But that lacks context. BART officials gave away the store in 2013. The new extension, to 2021, layers onto the earlier deal, further inflating salaries without paring back sweetheart benefits. . . BART negotiators gave up any hope of saving money by insisting workers contribute their fair share to their pensions.
It could shift a greater-than-expected portion of the burden for paying off the debt to school districts; makes the state share highly vulnerable to market volatility; and leaves a good chance that the state will pay no more than it would have before the deal was struck. . . Moreover, in the long term, the plan does not ensure that the debt will be paid off by 2046, or ever.
Tax propositions might rain down on Bay Area residents like an El Niño downpour this year as cities, counties, school districts and agencies try to persuade voters to pay for improved transit, smoother roads, school repairs, city building rehab, and bay water and wildlife conservation.
The teacher shortage in the K-12 system has become so critical that a local school district is offering a $10,000 signing bonus for its next math and science teachers.
“We can see from where the numbers are going how it’s going to crowd out education and all the other California services, and it’s ultimately unsustainable,” said Rob Lapsley, president of the California Business Roundtable. “The governor has to address it now, and he’s been clear that he’s going to try to do that.”
While respondents gave the governor high marks for his handling of the state budget — which was drowning in red ink when he took office in early 2011 — the survey shows that slightly more than half of residents are ready to bag the $68 billion rail line and that tackling the state’s water woes, not global warming, should be California’s top priority.
The company is one of four that operate in the Altamont Pass Wind Farm, which was one of the first wind farms in the country when commissioned in the early 1980s and currently has about 3,000 turbines.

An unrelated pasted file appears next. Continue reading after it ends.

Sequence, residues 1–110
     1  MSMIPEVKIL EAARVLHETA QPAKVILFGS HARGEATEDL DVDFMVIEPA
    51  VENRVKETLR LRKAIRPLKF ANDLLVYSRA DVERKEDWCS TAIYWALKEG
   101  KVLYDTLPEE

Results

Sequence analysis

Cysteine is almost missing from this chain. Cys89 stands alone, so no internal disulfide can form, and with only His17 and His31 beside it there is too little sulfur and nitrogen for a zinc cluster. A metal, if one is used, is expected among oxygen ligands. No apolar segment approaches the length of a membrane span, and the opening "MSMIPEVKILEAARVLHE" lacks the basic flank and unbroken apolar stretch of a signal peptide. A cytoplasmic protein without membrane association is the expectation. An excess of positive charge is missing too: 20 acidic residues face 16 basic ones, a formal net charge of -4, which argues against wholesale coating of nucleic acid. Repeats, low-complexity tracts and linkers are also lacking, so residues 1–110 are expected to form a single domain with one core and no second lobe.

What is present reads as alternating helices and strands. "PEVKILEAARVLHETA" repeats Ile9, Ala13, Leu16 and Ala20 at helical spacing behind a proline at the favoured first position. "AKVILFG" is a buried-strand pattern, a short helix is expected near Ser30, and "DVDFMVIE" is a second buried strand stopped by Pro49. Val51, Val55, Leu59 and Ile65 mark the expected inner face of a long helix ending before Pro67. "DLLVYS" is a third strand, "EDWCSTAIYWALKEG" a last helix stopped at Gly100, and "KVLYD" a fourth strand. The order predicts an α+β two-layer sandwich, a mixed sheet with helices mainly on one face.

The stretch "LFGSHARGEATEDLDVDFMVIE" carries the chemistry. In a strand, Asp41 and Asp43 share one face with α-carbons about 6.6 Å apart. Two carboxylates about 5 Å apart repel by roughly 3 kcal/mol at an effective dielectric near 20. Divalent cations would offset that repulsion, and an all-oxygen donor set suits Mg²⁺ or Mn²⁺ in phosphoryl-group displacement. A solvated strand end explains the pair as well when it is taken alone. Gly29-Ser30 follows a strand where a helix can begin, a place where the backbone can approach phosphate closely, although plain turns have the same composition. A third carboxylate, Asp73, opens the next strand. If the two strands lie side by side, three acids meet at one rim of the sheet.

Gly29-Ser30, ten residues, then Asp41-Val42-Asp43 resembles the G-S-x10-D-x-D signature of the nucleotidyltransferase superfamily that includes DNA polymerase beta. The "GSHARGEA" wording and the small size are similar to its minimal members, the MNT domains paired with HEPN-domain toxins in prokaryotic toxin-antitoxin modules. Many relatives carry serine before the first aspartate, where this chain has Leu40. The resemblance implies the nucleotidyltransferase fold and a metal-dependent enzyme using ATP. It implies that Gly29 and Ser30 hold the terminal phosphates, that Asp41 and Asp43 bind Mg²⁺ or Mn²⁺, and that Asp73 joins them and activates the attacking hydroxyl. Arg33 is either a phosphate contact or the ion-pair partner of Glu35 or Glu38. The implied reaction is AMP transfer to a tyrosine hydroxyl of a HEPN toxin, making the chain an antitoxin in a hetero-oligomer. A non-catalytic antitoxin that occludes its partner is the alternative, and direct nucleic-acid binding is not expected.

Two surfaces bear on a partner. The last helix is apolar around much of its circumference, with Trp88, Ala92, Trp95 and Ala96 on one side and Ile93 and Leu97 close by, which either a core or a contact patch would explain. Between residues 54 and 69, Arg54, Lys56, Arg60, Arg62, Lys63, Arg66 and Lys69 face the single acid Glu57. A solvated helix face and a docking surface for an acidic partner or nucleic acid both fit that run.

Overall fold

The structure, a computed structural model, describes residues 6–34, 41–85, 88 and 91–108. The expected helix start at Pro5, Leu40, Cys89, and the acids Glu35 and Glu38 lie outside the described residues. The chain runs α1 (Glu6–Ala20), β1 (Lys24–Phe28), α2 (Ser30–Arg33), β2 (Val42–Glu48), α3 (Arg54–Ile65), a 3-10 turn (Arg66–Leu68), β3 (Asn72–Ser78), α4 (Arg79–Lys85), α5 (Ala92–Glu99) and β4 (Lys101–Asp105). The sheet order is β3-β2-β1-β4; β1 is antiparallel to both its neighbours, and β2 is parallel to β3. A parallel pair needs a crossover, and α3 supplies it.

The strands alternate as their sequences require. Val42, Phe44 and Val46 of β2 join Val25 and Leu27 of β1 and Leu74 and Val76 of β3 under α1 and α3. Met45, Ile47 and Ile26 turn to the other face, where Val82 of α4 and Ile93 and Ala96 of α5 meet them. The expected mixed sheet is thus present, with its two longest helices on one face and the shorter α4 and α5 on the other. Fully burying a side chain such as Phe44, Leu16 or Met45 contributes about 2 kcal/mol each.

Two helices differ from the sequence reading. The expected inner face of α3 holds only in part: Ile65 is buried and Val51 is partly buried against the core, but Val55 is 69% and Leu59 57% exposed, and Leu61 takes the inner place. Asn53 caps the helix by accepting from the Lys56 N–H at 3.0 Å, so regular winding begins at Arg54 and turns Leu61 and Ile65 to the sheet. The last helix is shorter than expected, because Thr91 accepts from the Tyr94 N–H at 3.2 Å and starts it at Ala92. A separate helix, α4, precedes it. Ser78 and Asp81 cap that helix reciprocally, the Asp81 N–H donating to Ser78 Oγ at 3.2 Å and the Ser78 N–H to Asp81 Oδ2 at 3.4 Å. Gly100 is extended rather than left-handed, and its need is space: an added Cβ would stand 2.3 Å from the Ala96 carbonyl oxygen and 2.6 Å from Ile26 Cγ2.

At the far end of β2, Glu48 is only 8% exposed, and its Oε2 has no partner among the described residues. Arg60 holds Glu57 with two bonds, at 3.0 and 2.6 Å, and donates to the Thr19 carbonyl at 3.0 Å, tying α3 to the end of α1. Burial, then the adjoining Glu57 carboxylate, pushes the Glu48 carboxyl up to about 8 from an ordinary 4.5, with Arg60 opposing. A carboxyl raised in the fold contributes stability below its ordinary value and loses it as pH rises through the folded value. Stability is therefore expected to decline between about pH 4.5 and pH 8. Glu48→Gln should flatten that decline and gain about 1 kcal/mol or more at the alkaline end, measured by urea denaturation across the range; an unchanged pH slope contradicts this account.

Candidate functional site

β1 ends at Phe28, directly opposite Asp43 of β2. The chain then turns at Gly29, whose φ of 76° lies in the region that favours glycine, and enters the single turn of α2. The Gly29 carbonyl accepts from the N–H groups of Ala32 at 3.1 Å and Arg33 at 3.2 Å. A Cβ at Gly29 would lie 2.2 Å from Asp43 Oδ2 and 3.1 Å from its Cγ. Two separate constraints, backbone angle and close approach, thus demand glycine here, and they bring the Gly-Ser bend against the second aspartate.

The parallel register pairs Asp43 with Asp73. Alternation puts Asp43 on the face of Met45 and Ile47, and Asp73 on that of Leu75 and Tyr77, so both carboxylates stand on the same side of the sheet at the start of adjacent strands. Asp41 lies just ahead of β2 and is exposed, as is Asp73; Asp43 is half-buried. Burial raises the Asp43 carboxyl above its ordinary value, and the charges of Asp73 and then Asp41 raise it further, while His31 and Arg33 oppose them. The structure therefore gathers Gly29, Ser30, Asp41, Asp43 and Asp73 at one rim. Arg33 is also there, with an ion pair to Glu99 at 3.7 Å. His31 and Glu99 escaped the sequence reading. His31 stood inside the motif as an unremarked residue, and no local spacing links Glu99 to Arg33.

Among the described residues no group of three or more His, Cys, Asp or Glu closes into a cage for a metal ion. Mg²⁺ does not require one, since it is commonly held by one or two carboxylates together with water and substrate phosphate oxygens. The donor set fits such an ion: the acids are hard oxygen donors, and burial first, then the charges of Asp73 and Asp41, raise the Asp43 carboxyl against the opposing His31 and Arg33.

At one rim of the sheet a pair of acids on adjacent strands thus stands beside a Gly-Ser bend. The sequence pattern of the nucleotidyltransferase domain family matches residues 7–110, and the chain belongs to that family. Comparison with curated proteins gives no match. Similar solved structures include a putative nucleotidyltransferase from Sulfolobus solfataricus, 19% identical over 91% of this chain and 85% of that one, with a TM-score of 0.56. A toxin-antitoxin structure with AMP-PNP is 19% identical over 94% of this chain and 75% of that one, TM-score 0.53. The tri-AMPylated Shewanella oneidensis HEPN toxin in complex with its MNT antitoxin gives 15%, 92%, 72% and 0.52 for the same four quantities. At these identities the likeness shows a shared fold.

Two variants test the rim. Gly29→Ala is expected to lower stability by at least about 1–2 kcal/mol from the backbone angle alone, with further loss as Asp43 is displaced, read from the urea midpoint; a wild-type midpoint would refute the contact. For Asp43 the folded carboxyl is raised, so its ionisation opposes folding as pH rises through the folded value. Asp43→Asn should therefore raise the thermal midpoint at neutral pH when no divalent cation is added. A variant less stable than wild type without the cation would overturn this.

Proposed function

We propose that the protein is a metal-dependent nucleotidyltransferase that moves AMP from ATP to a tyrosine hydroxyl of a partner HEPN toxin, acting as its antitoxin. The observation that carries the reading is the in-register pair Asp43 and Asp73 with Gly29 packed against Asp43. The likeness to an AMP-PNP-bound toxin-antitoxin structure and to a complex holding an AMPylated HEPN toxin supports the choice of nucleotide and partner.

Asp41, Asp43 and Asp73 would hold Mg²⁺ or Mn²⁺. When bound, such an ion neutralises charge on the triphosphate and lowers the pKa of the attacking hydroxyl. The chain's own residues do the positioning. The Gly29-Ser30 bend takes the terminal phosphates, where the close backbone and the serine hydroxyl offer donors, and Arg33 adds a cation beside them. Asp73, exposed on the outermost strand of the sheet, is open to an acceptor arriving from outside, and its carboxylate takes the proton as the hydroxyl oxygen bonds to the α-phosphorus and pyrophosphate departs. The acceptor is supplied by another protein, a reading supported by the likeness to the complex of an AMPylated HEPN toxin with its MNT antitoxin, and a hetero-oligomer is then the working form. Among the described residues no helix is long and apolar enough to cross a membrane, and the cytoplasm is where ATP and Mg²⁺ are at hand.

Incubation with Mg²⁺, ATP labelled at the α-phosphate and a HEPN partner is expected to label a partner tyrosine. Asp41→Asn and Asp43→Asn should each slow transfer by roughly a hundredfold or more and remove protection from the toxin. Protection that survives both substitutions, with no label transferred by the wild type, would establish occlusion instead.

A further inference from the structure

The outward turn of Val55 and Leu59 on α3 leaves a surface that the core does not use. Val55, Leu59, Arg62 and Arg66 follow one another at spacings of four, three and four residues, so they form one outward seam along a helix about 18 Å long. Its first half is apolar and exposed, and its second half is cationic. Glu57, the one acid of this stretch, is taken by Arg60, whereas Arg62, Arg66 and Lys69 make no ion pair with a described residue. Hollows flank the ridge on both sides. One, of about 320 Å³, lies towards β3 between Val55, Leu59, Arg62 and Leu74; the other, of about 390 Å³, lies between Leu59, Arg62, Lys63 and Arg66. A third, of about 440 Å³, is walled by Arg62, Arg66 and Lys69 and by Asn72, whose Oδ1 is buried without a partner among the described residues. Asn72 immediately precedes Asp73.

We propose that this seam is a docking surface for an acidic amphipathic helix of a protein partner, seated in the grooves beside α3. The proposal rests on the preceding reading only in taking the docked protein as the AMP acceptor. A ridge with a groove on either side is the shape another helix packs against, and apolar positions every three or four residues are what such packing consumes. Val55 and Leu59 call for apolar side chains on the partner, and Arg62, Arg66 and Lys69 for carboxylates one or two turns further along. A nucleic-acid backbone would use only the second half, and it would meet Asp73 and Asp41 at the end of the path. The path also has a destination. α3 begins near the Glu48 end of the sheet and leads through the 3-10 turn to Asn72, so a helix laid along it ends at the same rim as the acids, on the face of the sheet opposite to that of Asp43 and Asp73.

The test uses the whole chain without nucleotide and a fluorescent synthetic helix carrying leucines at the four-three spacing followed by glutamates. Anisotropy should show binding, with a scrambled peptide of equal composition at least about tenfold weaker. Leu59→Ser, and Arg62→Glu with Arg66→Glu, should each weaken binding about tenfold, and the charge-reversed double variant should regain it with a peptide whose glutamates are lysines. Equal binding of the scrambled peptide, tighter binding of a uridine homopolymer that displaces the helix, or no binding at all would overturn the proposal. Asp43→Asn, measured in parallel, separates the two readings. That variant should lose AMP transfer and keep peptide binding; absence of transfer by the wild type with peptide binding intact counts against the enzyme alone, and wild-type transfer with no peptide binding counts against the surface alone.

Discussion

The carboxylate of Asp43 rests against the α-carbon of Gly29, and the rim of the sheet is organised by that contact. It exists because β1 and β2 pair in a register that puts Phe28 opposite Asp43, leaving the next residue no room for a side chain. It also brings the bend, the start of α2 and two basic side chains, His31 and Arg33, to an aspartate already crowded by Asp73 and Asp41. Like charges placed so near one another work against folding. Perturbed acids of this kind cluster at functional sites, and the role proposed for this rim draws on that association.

With gas-tax revenues drying up as more fuel-efficient cars take over the roads in California and across the nation, the race to repair critical highway infrastructure before tragedy strikes is becoming more pressing. Two people were hospitalized in the Oct. 20 collapse.
Daniel Borenstein: CalPERS’ Protracted Plan for Reducing Investment Risk Leaves Pension System Vulnerable
CalPERS officials know they have a serious problem: The nation’s largest pension system holds too many risky investments to adequately withstand the next big economic downturn. Yet the only proposal under consideration to shore up the system would take decades to properly rebalance CalPERS’ portfolio. If the next major recession comes before that, the retirement system will have to sock state and local governments with devastating rate increases at a time when they can least afford it.
“If you live here and think California’s public record laws — the public records act, the rules of court, the legislative records act — aren’t twisted knots that let bureaucrats and elected officials keep whatever secrets they want, then you’re not paying attention. “
Despite a testy and drawn-out political battle, the new green mandates just approved by state lawmakers — higher efficiency standards for buildings, more reliance on renewable energy — signal good news for the state’s clean-energy industry.
Members of a Senate committee tackling a huge backlog of roadway maintenance endorsed legislation that would generate $4 billion annually for repairs by increasing the gas tax 12 cents a gallon and boosting vehicle registration fees up to $100. Another panel approved bills to hike the legal smoking age to 21, regulate e-cigarettes and allow counties to place local tobacco taxes on the ballot.
Enticed by the fat fees generated by foreign and out-of-state students, who pay supplemental tuition ($24,700 for the 2015-16 school year), the UC system has begun to prioritize cash flow over local connections. More and more parents feel like Cal and others have slammed the door in the face of their children. Just look at the statistics for entering freshman: 45 percent of offers at UC Berkeley went to out-of-state and foreign students; the number was 42 percent at UCLA, 39 percent at UC San Diego and 35 percent at UC Davis.
The U.S. average was $2.67 Friday, while California was still much higher at $3.79. The AAA estimates a huge drop could save drivers $500 by the end of the year.
The bill actually aims to keep the public in the dark about public-employee negotiations, ensuring taxpayers never learn the costs of collective bargaining agreements until they’re done deals.